Good Behavior-Not Violence

— Written By Shirley Rush and last updated by
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Violence—-means the use of physical force to injury or abuse someone, destructive force, to damage property etc.

When we pick up the newspaper or look at the news on television each day we can hear or read some acts of violence in the world we live in and even our immediate community. Also, nearly every day the news reports stories about children committing acts of violence, often against other children. We as parents, grandparents and citizens of this world must take preventative action to help prevent violence.

Research has shown that violent or aggressive behavior is often learned early in life. However, parents, grandparents, family members and others who care for children can help them learn to deal with emotions without using violence.

Parents play a valuable role in reducing violence by raising children in safe and loving homes. Here are suggestions that can help. You may not be able to follow each one exactly, but doing what you can will make a difference in your children’s lives.

Love and Attention

At an early age every child needs a strong, loving, relationship with a parent or other adult to feel safe and secure. This is essential for a child to develop a sense of trust. Behavior problems and delinquency are less likely to develop in children whose parents are involved in their lives, especially at an early age.

When children feel safe and secure, they learn to trust other people. Children who don’t feel safe can be anxious and unhappy. This can affect their health and learning. But when they learn that they can trust the adults around them, it helps them grow up happy, healthy and to enjoy the world around them.

There are certain basic needs that a child has and we as parents must show our children that they can count on us to meet those basic needs by showing love and taking care of them in a safe environment.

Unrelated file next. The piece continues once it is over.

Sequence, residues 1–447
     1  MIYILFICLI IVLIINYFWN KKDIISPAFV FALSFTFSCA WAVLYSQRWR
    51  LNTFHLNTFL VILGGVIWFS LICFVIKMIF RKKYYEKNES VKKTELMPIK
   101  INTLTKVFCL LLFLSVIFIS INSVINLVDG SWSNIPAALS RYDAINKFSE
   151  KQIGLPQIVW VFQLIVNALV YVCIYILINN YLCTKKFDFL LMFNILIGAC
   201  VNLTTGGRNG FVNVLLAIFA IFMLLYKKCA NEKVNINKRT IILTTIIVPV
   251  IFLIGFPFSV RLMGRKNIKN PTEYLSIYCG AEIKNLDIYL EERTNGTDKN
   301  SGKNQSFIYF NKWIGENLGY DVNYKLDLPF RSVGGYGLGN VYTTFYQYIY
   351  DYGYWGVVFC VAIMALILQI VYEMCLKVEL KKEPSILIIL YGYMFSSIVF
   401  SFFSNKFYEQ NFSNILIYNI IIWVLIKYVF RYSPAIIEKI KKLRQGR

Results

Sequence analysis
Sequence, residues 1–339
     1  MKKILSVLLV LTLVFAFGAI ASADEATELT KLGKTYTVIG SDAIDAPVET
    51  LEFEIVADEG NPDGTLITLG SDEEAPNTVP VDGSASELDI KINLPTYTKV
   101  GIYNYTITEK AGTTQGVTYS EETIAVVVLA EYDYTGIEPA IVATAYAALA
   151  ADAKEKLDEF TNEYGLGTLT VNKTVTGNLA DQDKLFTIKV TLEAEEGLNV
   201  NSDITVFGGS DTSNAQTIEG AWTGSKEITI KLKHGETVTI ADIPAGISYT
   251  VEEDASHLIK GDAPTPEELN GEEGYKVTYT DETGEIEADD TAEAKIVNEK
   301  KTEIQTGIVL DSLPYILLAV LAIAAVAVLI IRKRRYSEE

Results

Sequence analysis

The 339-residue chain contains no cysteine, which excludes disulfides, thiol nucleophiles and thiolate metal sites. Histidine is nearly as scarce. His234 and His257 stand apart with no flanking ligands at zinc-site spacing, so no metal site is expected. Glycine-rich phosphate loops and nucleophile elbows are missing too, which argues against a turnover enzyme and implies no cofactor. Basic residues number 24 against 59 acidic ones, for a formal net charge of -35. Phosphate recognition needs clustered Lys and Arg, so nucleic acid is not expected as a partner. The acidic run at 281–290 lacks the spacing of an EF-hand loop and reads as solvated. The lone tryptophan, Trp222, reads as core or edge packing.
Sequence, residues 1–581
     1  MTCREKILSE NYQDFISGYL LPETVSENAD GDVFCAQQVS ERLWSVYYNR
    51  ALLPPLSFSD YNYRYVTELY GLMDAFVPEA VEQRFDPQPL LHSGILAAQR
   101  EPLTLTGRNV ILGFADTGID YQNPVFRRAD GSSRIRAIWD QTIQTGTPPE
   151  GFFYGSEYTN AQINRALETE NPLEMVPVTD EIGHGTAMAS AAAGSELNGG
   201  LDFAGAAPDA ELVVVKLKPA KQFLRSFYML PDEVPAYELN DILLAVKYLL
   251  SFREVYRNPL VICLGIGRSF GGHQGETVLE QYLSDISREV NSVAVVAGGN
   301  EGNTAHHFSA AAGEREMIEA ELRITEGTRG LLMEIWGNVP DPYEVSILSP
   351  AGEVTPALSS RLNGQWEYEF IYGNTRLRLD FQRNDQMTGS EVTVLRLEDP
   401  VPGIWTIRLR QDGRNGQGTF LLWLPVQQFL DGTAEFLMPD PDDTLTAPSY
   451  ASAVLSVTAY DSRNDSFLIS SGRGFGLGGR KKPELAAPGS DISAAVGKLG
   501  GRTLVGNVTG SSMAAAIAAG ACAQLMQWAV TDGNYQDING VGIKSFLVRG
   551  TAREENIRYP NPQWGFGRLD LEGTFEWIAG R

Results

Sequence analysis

It’s not easy to show love to a child all the time. It can be even harder if you are a young, inexperienced, or single parent, or if your child is sick or has special needs. If your baby seems unusually difficult to care for and comfort, discuss this with your child’s physician, psychologist or a mental health provider. He or she can give you advice and direct you to local parenting classes that teach positive ways to handle the difficulties of raising children, there is help available.

Supervise your children

Without proper supervision, children do not receive the guidance they need. Studies report that unsupervised children often have behavior problems. Know where your children are at all time and who their friends are. When you are unable to watch your children, ask someone you trust to watch them for you. Never, never, leave young children home alone, even for a short time, not even to run to the store right down the street.
Model good behavior before your children

Children often learn by example. The behavior, values and attitudes of parents and siblings have a strong influence on children. Values of respect, honesty and pride in your family and heritage can be important sources of strength for children, especially if they are confronted with negative peer pressure, live in a violent neighborhood or attend a rough school. Be firm with your children about the possible dangers of violent behavior. Remember to praise your children when they solve problems constructively without violence. Let them know how proud they have made you and continue praising them for following the rules.

Stand by your rules and discipline
Sometimes it it hard to set rules and enforce them but be firm. When you make a rule, stick to it. Children need structure with clear expectations for their behavior.

Parents should involve children in setting rules whenever possible. Explain to your children what you expect, and the consequences for not following the rules. This will help them learn to behave in ways that are good for them and for those around them.

We all have a duty to work toward making our home, school, community, county, and world a safe place for our children to grow up to be productive citizens in this world. For additional information, contact Shirley Rush at the North Carolina Cooperative Extension Office at 875-2162 or email shirley_rush@ncsu.edu.